Popular Science Monthly
���On the second day the straw is pulled back and the circle of wire fence is enlarged so as to leave a i-ft. open space all around the hover, into which the chicks may run without getting far from the blanket. Several times this first day a minute's work contracts the wire fence, by sliding one end past the other, and so huddles the chicks under the hover again. This is for education as well as to guard against chilling off too much, for many of the chicks will, on that first day, thus learn that the hover, with its comforting blanket and strips on their backs is the place to find warmth, comfort and security. This hover is open all round and the chicks can dodge back under it at any instant. At night, or if the weather strikes in cold through the day, a minute's work closes in the fence and a few kicks put the straw protection around the outside. After the first two days the chicks take full care of themselves. Only at night are the closing up "and the adjustment of the straw necessary. The only objection to a cold brooder is that the sudden change from the 103 or 105 deg. of the incubator to the cold floor, cold litter and cold blanket — if there is one — is likely to cause mischief and a serious check to develop- ment, although a large number of chicks raise the temperature ver>' quickly. In this brooder this trouble is eliminated by the use of heated bricks. The night before the incubator is to be emptied a dozen bricks are heated in an oven, and are placed beneath the hover. Then heavy blankets or grain sacks are laid over them. In the morning the floors, the bedding and burlap are warmed so thoroughly that the chicks get no shock. After that no more artificial heat is needed.
About a week after the chicks are put in, the wire fence is taken away and they have the run of the house. — Geo. F. Stratton.
��Rings of iron covered with a burlap blanket to which strips of felt or flannel are stitched to hang down and cover about three hundred chicks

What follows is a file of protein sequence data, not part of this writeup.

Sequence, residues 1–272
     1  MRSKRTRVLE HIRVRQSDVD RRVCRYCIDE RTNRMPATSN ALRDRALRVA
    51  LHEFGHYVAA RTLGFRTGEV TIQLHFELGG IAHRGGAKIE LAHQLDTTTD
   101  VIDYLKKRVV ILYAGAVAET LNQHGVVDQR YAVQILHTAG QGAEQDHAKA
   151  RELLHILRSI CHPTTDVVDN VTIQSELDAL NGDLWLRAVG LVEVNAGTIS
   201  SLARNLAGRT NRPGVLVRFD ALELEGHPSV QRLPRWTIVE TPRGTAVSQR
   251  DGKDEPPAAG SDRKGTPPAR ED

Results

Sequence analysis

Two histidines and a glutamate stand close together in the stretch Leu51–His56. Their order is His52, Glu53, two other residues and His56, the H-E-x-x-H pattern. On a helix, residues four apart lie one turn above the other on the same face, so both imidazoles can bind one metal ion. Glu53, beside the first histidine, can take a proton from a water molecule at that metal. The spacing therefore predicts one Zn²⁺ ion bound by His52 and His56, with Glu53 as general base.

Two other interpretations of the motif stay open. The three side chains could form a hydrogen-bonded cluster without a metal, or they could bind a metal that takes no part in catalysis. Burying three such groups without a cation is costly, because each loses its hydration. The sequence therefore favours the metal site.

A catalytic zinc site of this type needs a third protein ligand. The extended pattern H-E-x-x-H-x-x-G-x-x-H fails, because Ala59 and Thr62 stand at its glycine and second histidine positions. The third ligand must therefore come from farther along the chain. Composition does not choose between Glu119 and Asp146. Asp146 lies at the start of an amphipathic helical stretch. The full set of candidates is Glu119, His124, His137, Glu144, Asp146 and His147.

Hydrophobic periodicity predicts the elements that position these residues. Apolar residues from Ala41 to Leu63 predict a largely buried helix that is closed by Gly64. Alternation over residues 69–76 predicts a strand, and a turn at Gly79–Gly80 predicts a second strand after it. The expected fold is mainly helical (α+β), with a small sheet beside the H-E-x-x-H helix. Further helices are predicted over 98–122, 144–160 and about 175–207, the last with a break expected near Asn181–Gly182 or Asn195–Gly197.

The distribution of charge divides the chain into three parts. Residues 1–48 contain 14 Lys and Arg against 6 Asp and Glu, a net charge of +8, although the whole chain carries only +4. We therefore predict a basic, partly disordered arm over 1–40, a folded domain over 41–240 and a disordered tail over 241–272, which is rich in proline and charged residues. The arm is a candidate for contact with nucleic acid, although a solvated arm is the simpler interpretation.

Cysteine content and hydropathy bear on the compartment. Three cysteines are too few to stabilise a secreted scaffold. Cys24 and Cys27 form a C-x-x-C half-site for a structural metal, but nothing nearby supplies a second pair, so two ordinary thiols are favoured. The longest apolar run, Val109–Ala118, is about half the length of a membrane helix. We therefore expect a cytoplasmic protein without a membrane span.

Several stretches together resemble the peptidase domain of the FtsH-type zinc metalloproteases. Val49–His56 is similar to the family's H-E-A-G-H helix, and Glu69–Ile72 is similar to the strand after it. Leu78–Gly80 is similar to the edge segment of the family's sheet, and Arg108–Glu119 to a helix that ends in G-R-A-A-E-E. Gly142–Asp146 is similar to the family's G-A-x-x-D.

��Distributing Cards in a Pack and Disclosing Them
SELECT the four kings from the pack, also two other court cards — preferably jacks — and spread them fanwise, being careful not to show the jacks. In adjusting these cards place the two jacks back of
the first king. As these jacks are hidden behind the king they are invisible to the audience, who must be satisfied that the cards are all kings and nothing else. These cards are then placed on top of the pack. State that you are about to distrib- ute the four kings in various parts of the pack. Take upthetop card, which is really a king, and exhibit it, if need be. The next card, being a jack, should not be shown to the audience, but should be taken up carefully and placed anj'where in the pack. The next card is also a jack, and it is placed in another part of the pack. The next card can be taken up carelessly and replaced on top. Three kings will be at the top and one at the bottom of the pack. When the cards are cut the four kings will be in the center.
��Making a Bit Point Take Hold in a Knot
THE wireman frequently finds places, especially when boring overhead, where his bit stops feeding, and it be- comes almost impossible to make it take hold again. In such cases, take your bit out of the brace, and substitute one a size or two smaller. This will usually start to feed without any great trouble. After boring three or four turns, put the right size bit back in the brace. When it commences to bore, a little care may be necessary to prevent it from feeding too fast. If it should later on lose its hold again, the same method may be repeated.